First appeared at Stratfor
For nearly three years, Kiev has been trying to get U.N. peacekeepers sent to the conflict in eastern Ukraine, but now the suggestion is coming from Moscow. During a Sept. 5 press conference, Russian President Vladimir Putin proposed that the U.N. Security Council deploy peacekeepers to the front lines of the conflict, which would “benefit the resolution of problems in southeast Ukraine.” The timing of the statement indicates that Russia could file a resolution during the upcoming U.N. General Assembly session, which begins Sept. 12. But the proposal should be seen more as an attempt to ease pressure from the West — and particularly Washington — than a sincere commitment to ending the conflict.
Ukraine, for its part, already suspects that Moscow is more interested in gaining leverage with the West than reaching a settlement in Donbas — especially since Putin’s proposal is much more limited than any Kiev has put forth. It would not grant the United Nations access to Donbas proper or the separatist territories’ border with Russia, limiting the ability to monitor or disrupt the flow of weapons and personnel. Ukraine’s deputy head of parliament, Iryna Gerashchenko, said that, “In the best traditions of hybrid war, Putin is turning everything upside down by trying to distort the idea of Ukrainian leadership regarding peacekeepers in the Donbas.”
But many Western countries will be taking Putin’s proposal seriously, and Ukraine’s Foreign Ministry has taken steps to try to shape any peacekeeping missions, stipulating that they not include Russian military personnel or require permission from the separatist territories, which Kiev does not recognize. Already, Germany — a key mediator who has called on Russia and Ukraine to do more to resolve the conflict — has expressed approval for Putin’s proposed plan. German Foreign Minister Sigmar Gabriel said that, “By proposing to deploy peacekeepers to Ukraine, Russia has changed its policy towards Ukraine. We should not miss this moment.” He went further, suggesting that, “If things work out well with the blue helmets, this would be the first step for removing sanctions against Russia.”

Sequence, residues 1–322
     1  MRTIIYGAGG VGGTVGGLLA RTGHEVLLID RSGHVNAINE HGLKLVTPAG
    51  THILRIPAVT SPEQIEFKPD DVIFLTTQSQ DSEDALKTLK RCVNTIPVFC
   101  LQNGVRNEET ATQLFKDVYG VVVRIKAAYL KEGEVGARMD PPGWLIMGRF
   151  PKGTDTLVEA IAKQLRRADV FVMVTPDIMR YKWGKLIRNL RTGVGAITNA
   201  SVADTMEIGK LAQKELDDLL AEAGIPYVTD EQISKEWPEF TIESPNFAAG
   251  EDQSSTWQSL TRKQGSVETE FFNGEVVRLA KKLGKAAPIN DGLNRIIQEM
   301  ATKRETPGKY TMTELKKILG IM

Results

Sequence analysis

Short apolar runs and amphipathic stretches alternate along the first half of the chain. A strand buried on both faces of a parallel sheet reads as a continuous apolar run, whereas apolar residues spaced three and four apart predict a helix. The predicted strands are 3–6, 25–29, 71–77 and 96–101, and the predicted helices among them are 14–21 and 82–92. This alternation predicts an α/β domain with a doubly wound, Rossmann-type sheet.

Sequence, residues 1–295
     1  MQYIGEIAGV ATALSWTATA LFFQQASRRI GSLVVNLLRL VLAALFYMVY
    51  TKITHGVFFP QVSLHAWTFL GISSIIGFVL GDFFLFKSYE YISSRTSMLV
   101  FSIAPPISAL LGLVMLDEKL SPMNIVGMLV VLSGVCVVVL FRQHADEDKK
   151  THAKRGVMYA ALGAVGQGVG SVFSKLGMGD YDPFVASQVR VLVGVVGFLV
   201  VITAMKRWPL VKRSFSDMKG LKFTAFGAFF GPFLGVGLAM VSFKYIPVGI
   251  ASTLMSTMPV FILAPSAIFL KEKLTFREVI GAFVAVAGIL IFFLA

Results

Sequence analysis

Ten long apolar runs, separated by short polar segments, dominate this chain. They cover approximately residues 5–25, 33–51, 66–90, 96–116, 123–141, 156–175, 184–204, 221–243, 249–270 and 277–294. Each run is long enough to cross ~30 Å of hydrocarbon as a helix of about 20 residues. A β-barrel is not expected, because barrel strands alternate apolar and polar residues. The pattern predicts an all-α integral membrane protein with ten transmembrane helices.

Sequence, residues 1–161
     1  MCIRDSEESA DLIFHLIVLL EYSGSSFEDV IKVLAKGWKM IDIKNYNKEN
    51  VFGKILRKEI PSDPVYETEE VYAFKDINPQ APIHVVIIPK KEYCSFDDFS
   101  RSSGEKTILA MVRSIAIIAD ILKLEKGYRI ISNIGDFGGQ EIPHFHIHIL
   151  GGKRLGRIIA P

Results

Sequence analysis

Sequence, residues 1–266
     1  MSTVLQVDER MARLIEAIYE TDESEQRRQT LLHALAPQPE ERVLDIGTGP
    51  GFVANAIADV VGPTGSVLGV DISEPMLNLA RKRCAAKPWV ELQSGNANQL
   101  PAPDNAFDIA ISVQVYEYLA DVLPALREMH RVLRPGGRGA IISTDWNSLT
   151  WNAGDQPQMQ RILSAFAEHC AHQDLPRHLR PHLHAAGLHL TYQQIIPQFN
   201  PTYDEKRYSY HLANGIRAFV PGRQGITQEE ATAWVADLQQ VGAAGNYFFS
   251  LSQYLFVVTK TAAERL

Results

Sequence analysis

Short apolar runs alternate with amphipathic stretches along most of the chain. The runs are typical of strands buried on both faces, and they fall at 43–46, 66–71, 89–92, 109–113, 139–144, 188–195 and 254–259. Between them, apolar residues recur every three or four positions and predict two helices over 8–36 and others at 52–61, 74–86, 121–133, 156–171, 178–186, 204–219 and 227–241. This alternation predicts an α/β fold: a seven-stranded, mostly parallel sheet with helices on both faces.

However, it’s the U.S. reaction that Russia is watching closest for. Despite President Donald Trump’s campaign rhetoric about forging closer ties with Russia, Washington has maintained a fairly hawkish position on Moscow compared to the Europeans, particularly where the Ukraine conflict is concerned. Washington has continued to call on Moscow to abide by the Minsk protocols, and it’s maintained support for Kiev in political and security matters. More recently, the passing of a Congress-led sanctions bill against Moscow illustrated the institutional constraints that the U.S. president faceswhen it comes to Russia.
Regardless of Trump’s desires, the United States and Russia are increasingly at odds. In the past few months, Moscow and Washington have engaged in a series of tit-for-tat moves like diplomat expulsions and compound seizures, with Russia warning that it would respond in an “asymmetric” fashion. Meanwhile, U.S. officials have floated the possibility of sending lethal weapons to Ukraine, which would escalate the conflict but could also serve as a deterrent for Russia. When Putin weighed in on the lethal weapons issue on Sept. 5, however, he said that the move could not only lead to more casualties, but also spur weapons deployments to “other conflict zones where it will be painful” for those who give the separatists “trouble.”
So within this context, Putin’s peacekeeping proposal can be seen as an effort to convince the United States and the West that Russia is committed to limiting violence in the Ukraine conflict. Though it continues to play a spoiler role in Washington’s North Korea and Syria agendas, Moscow wants to prove its ability to make considered, constructive decisions. That image may make some of Ukraine’s Western backers, such as Germany, more likely to embrace the Kremlin’s efforts. And by indicating a desire for de-escalation, Russia could have more breathing room in its talks with the United States.
As Russia’s March 2018 presidential election approaches, Putin is unlikely to grant any major concessions that could damage his popularity among his people. And the limited scope of Russia’s peacekeeping proposal almost guarantees that there will be little strategic change to the Ukraine conflict in the near term. But more than anything, Putin’s proposal is intended to splinter Western countries’ unified position on Russia and give Moscow more room to maneuver in its relationships. During the upcoming U.N. General Assembly session, it will be key to see just how successful those efforts will be, and just how much Western pressure Russia can ease.